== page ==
"Living in Vienna, Dory receives a letter from her best friend’s orphans begging her to defend them against their evil guardian, the Earl of Harcourt. Dory knows she must help the three Rundell children. But how is she going to convince their haughty guardian to unbend enough to listen to reason. To further complicate matters, his dark, brooding good looks have invaded her dreams. Harcourt’s ordered life has received a set back since he’s been appointed guardian to the Rundell brood. Moreover, he finds himself the target of a prankster. But his life becomes even more complicated when Miss Dorcus Kenworthy arrives and spares with him over the future of his three wards. Then, there is his growing attraction for the lovely diplomat’s daughter."

"Brigid Keenan was a successful young London fashion journalist when she fell in love with a diplomat and left behind the gilt chairs of the Paris salons for a large chicken shed in Nepal. Her bestselling account of life as a 'trailing spouse', Diplomatic Baggage, won the hearts of thousands in countries all over the world. Now, in her further adventures, we find Brigid in Kazakhstan, where AW, her husband, contracts Lyme disease from a tick, the local delicacy is horse meat sausage and Brigid's visit to a market leads to a full-scale riot from which she requires a police escort. Then, as the prospect retirement looms, Brigid finds herself on the cusp of a whole new world: shuttling between London, Brussels and their last posting in Azerbaijan, navigating her daughters' weddings while coping with a cancer diagnosis, and getting a crash course in grand-motherhood as she helps organise a literature festival in Palestine. Along the way, dauntless and wildly funny as ever, Brigid learns that packing up doesn't mean packing in as she discovers that retiring and moving back home could just be her biggest challenge yet."




"Diplomat DeWitt Clinton Poole arrived for a new job at the United States consulate office in Moscow in September 1917, just two months before the Bolshevik Revolution. In the final year of World War I, as Russians were withdrawing and Americans were joining the war, Poole found himself in the midst of political turmoil in Russia. U.S. relations with the newly declared Soviet Union rapidly deteriorated as civil war erupted and as Allied forces intervened in northern Russia and Siberia. Thirty-five years later, in the climate of the Cold War, Poole recounted his experiences as a witness to that era in a series of interviews. Historians Lorraine M. Lees and William S. Rodner introduce and annotate Poole's recollections, which give a fresh, firsthand perspective on monumental events in world history and reveal the important impact DeWitt Clinton Poole (1885–1952) had on U.S.–Soviet relations. He was active in implementing U.S. policy, negotiating with the Bolshevik authorities, and supervising American intelligence operations that gathered information about conditions throughout Russia, especially monitoring anti-Bolshevik elements and areas of German influence. Departing Moscow in late 1918 via Petrograd, he was assigned to the port of Archangel, then occupied by Allied and American forces, and left Russia in June 1919."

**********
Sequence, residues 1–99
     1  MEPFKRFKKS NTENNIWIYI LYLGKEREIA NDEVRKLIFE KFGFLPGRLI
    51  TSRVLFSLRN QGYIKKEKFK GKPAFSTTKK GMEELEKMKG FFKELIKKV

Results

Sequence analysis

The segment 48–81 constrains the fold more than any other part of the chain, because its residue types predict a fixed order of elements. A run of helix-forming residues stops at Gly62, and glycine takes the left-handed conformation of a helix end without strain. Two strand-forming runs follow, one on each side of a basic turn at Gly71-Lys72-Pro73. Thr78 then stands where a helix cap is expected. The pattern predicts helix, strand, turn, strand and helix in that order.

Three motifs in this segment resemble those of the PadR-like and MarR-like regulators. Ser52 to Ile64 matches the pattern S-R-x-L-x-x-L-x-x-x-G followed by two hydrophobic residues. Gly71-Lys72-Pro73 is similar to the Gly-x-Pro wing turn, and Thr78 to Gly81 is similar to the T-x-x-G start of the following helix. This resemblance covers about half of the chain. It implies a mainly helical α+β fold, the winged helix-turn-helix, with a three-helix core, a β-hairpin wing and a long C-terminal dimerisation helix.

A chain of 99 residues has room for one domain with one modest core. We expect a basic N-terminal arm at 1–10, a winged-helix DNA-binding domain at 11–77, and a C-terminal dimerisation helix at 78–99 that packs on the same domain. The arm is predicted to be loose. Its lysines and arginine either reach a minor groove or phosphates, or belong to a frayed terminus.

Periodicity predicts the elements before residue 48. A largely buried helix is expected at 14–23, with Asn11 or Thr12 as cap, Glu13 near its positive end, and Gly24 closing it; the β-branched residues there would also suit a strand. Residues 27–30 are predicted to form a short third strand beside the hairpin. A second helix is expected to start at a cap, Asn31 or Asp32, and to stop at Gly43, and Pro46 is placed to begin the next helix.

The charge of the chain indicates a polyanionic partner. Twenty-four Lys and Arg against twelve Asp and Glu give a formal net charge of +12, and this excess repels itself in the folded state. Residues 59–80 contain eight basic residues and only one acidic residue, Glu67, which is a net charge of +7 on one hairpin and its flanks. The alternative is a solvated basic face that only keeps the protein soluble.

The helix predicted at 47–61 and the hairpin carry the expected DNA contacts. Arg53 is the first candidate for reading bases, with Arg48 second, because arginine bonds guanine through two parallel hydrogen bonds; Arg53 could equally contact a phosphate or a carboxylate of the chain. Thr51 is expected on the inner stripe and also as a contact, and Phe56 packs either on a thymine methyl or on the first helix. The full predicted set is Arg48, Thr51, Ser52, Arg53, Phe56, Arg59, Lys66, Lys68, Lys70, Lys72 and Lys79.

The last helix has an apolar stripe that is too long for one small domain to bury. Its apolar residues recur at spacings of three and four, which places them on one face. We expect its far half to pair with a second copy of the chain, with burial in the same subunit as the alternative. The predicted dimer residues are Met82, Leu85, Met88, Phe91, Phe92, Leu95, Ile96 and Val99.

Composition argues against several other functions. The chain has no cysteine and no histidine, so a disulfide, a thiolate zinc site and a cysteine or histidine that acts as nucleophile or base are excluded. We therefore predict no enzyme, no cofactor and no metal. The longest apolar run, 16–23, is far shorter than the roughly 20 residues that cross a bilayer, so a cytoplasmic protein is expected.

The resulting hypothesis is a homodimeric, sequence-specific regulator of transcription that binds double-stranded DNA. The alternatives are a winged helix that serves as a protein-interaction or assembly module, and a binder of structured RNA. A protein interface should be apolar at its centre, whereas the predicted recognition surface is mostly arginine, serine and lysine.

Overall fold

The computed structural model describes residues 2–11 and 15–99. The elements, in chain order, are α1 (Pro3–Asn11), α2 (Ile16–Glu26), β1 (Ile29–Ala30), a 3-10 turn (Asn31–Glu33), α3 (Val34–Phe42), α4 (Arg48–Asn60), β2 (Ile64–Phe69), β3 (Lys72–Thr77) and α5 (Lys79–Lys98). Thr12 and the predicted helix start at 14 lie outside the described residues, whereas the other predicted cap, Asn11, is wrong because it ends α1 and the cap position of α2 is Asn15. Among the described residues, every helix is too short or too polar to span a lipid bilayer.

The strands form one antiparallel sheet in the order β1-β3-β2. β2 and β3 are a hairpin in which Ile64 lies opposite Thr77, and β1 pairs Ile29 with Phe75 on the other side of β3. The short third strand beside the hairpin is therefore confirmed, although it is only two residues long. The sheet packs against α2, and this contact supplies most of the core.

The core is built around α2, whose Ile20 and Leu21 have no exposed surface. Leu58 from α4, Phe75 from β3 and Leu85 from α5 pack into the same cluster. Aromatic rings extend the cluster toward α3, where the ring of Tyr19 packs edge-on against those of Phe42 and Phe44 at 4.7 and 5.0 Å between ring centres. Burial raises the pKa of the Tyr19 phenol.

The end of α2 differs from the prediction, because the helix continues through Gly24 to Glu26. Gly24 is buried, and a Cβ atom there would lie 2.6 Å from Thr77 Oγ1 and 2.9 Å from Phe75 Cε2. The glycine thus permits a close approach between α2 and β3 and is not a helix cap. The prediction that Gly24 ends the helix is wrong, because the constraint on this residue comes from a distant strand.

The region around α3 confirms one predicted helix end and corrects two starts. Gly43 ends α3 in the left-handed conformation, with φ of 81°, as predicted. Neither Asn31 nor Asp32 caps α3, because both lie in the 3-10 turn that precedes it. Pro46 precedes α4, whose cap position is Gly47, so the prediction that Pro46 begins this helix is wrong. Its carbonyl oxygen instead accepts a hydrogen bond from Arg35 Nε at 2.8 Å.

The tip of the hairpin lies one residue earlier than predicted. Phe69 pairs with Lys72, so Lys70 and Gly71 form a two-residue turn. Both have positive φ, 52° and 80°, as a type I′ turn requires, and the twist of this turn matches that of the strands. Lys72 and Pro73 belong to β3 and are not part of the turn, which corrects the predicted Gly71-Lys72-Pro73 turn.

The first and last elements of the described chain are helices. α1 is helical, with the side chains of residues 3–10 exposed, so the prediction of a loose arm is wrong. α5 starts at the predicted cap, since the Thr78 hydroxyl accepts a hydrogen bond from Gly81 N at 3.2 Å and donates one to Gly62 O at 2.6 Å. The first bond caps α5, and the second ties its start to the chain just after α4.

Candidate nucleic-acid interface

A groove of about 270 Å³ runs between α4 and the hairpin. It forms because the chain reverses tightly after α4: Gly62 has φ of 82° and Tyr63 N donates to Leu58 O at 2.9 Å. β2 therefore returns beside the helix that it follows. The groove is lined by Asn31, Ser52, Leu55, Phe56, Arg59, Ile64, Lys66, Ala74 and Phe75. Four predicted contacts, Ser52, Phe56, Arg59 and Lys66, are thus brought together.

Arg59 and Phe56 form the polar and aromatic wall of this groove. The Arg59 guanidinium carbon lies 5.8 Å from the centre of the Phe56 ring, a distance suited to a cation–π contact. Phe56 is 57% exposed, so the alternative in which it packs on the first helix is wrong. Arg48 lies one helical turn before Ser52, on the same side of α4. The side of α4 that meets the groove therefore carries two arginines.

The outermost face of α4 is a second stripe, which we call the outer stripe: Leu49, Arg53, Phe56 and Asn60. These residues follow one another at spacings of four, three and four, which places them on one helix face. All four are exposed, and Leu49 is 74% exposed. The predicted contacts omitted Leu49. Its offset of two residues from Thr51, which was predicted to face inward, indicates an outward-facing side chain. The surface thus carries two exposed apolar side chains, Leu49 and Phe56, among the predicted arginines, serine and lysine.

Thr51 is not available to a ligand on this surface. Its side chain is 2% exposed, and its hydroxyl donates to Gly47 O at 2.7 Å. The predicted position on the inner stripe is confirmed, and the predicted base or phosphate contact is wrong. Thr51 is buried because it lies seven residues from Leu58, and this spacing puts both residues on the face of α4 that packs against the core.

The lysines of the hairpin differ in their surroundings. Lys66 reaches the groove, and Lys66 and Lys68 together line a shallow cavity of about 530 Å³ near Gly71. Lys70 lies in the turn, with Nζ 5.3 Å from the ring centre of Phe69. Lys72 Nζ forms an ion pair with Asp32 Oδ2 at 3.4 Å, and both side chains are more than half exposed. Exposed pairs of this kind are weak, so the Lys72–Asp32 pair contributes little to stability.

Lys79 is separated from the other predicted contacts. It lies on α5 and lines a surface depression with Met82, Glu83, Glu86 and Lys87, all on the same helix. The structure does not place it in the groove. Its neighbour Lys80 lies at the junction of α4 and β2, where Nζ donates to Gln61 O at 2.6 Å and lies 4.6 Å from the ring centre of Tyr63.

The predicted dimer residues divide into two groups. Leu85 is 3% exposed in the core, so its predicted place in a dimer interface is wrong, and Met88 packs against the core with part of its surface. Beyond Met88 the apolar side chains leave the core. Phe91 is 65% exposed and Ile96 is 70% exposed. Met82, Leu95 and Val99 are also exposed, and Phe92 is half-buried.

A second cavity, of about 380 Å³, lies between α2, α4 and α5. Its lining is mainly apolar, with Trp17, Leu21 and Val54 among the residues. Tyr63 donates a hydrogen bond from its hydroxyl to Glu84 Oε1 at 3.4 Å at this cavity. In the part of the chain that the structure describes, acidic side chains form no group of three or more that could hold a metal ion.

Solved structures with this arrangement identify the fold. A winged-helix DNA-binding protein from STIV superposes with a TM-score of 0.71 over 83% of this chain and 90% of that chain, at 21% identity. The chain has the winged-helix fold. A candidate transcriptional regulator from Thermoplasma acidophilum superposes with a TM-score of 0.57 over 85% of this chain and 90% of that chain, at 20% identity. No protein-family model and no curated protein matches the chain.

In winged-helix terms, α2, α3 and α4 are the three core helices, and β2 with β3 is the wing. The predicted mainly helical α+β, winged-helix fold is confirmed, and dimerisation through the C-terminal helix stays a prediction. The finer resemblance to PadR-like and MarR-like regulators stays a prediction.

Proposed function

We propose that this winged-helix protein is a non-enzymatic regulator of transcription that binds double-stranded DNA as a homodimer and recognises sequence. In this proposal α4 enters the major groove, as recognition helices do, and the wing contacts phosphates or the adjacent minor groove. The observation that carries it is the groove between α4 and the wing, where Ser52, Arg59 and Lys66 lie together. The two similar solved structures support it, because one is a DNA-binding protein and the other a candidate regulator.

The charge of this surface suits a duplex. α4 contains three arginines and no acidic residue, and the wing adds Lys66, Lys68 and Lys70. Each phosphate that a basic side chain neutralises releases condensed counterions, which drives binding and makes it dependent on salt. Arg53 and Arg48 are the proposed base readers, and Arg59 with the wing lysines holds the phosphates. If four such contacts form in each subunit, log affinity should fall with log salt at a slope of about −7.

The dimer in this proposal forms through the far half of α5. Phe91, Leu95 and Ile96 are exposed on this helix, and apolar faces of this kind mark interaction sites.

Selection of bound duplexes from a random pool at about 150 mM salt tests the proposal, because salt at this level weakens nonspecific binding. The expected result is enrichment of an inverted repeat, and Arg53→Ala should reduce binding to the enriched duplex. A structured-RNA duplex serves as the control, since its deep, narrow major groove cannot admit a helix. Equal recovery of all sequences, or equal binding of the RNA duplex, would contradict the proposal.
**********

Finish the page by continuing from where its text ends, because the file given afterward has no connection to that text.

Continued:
"A wild weekend changes Gina St. Sebastian's life, but one thing won't change—her marital status. Ambassador Jack Mason, the dashing, arrogant father of her unborn baby, can forget about a marriage of convenience. She's perfectly capable without him. Never mind the heat between them. That's pregnancy hormones! Jack will deploy his formidable charms to do what's right—marriage for the baby's sake. Yet the more he tries to convince Gina, the more he realizes he wants her as much as he wants his child…."




"How have I been lucky enough to come here, to be alive, when so many others are not? I should have died.… But I am here. 1945. Surviving the brutality of a Nazi prison camp, Marta Nederman is lucky to have escaped with her life. Recovering from the horror, she meets Paul, an American soldier who gives her hope of a happier future. But their plans to meet in London are dashed when Paul's plane crashes. Devastated and pregnant, Marta marries Simon, a caring British diplomat, and glimpses the joy that home and family can bring. But her happiness is threatened when she learns of a Communist spy in British intelligence, and that the one person who can expose the traitor is connected to her past."



"When Vivian Kincaid's eyes meet those of a hunky local at the Turkish university her father forces her to attend, it only takes her a split second to recognize her childhood friend. Levent Deniz was the servant boy who taught her to run the streets of Istanbul years before, giving outlet to her wild streak even as a child. Now face-to-face once again as adults, the only thing standing between them and happiness is her father. The newly appointed Consul General for the United States has other plans for his only daughter. Ones that do not include a former servant, now successful entrepreneur and businessman. He will do everything in his power to keep them apart.  The Diplomat's Daughter is set in 1960s Istanbul and tells the story of pre-destiny, passion and the rebellious power of true love."